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When More Than Goodwill is Required

 

Goodwill Banks only rarely overcome the damage to community core values.  My general rule is that the larger the program, the greater the number of vulnerabilities and threats to community core values.

One of the most common triggers that cause problems which overwhelm goodwill banks is easy to recognize. It’s when something is done in the name of community service or community interest that creates victims rather than what was intended by the organization. There are three kinds of victims: people, animals, and living systems. A river, a lake, damage to someone’s backyard. 

Community core values are personal protective beliefs held individually and collectively by the community and community members. These values are so powerful that when one of these core values is adversely affected by someone’s decision, action, or circumstance, individuals in the community and often the community as a whole become automatically concerned and will even take action with or without the insistence or influence  of outside forces. People can and will, in some cases, take to the streets in response.

5 Categories of Community Core Values

There are five categories of community core values. They are explained below roughly in the order of intensity and threat. Over the years I’ve worked in many cultures, although not every culture. But every culture I’ve worked in, including primitive Aboriginal cultures, have something like these values as a part of their culture, even if their culture is only verbal.

  1. Health and safety: literally any activity in the community that would somehow threaten the health and safety of people, animals, or living systems. Individuals will become angered and begin to take action on their own. First, spreading the word, then working towards generating larger public attention. This spontaneous reaction is seen quickly when it’s a medical issue, a public health problem or issue, or something that threatens children. There is a natural and visceral reaction on the part of the community to fight back, draw attention, and demand the help of public officials to restore health and safety, prevent, detect, and deter other potential threats to health and safety.**Special Note: In circumstances where public officials have given permission, licensed, or otherwise authorized actions by anyone that affect health and safety, the public officials who gave those permissions are generally publicly blamed and shamed quickly.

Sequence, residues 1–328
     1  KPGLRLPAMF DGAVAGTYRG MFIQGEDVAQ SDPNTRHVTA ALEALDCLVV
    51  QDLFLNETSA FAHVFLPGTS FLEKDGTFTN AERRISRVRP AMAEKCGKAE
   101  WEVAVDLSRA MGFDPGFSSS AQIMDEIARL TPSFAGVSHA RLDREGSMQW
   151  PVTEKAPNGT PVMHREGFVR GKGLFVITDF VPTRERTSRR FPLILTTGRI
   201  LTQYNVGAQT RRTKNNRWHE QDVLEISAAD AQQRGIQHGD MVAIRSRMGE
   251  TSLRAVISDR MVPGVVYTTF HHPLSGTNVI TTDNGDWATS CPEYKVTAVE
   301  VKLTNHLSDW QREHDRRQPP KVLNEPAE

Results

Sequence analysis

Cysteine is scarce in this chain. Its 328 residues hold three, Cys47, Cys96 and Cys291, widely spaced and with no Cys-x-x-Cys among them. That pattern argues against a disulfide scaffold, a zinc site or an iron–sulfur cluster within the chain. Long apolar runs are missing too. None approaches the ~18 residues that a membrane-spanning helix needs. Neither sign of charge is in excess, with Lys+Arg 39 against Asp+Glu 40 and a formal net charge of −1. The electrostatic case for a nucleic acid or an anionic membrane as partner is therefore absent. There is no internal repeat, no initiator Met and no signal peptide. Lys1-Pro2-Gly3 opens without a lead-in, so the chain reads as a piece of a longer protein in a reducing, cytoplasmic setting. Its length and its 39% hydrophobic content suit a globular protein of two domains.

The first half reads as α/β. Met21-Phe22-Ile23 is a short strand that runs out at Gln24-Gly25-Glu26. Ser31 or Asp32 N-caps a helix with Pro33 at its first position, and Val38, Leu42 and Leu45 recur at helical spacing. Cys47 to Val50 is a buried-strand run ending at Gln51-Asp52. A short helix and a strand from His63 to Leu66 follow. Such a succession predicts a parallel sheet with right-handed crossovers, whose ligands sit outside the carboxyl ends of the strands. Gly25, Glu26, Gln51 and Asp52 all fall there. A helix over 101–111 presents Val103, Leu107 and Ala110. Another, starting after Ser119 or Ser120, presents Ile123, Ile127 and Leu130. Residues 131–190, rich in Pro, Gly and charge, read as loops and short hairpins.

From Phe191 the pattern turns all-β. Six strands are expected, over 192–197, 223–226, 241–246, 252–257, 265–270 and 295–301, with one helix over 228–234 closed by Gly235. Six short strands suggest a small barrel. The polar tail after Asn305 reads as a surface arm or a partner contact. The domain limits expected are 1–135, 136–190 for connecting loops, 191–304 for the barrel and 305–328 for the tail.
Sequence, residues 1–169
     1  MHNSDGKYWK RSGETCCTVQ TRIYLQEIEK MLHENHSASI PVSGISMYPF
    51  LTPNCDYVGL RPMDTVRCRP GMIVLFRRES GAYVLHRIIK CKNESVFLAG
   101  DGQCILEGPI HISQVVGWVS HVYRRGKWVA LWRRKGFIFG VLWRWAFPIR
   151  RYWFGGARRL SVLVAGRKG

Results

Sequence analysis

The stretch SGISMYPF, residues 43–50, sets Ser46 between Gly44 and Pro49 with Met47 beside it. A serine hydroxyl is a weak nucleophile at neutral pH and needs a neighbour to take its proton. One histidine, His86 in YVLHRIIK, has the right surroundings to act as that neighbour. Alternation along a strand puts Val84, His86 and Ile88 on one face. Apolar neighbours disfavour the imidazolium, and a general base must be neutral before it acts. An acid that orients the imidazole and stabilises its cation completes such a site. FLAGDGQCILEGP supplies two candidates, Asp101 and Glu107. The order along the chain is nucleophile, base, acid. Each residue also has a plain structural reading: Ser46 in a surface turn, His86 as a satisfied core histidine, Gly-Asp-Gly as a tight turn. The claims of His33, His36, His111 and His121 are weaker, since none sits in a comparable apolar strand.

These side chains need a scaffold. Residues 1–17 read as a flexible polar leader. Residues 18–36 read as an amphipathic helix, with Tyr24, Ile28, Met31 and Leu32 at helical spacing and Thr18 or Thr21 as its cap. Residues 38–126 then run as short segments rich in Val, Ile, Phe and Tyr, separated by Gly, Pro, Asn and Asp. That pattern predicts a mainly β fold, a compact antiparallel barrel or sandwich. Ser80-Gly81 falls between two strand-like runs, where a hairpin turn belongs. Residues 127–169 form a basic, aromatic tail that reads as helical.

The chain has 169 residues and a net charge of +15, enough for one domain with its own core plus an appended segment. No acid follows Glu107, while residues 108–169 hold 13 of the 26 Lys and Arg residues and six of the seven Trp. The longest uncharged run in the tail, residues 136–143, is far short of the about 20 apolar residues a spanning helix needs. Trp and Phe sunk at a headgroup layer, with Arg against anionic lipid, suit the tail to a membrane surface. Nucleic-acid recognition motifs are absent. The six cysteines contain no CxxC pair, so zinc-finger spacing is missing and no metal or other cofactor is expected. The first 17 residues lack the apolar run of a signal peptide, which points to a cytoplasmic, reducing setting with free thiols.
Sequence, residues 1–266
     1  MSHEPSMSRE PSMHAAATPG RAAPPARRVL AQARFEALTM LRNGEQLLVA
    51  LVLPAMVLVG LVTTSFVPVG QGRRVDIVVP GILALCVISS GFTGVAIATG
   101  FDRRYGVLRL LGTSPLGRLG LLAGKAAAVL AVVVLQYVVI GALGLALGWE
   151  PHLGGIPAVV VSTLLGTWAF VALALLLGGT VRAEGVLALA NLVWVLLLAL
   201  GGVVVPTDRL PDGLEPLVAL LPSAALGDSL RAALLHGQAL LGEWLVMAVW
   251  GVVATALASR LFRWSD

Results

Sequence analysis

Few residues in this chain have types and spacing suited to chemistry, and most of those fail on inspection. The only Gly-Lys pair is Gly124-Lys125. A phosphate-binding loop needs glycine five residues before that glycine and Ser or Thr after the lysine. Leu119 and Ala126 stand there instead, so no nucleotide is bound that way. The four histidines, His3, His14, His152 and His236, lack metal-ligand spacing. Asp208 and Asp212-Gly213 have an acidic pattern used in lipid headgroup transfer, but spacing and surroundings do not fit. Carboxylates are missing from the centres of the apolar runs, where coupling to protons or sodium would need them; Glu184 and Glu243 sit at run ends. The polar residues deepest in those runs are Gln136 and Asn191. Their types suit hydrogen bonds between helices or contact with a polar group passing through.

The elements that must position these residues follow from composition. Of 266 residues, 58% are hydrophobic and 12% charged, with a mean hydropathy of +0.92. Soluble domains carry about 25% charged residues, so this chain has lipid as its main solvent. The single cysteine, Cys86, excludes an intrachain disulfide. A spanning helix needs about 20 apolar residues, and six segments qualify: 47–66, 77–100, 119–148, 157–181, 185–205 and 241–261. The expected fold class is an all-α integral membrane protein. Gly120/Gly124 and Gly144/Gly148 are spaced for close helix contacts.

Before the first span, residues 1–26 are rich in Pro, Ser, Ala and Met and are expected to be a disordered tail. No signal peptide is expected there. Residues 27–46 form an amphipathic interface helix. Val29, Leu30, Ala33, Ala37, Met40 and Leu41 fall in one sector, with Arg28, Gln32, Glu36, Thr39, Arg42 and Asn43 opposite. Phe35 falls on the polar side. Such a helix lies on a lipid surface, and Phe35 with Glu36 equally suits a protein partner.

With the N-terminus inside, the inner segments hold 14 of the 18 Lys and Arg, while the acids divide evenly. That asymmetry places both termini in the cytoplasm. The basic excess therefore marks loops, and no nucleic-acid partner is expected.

2. The value of possessions and property: if something your organization is doing; whether it’s acquiring property, trying to develop new facilities, any activity at almost any level that would adversely affect the value of people’s homes, their property, their possessions, their aspirations for these personal things; a spontaneous and powerful personal reaction will occur. 
  3. Environmental threats: activities and events that negatively affect or could negatively affect the environment in any way, will cause a reaction across all sectors of analysis; by education, by location, by age level, in every economic status category and in every country on the planet. Once the community becomes aware of these threats, there will be a very generalized and powerful reaction.
  4. Impacts on community peace of mind: 
  • Freedom from fear: activities that make people lose trust in an organization, program, product, or activity, and become fearful. Trust is the absence of fear and fear is the absence of trust.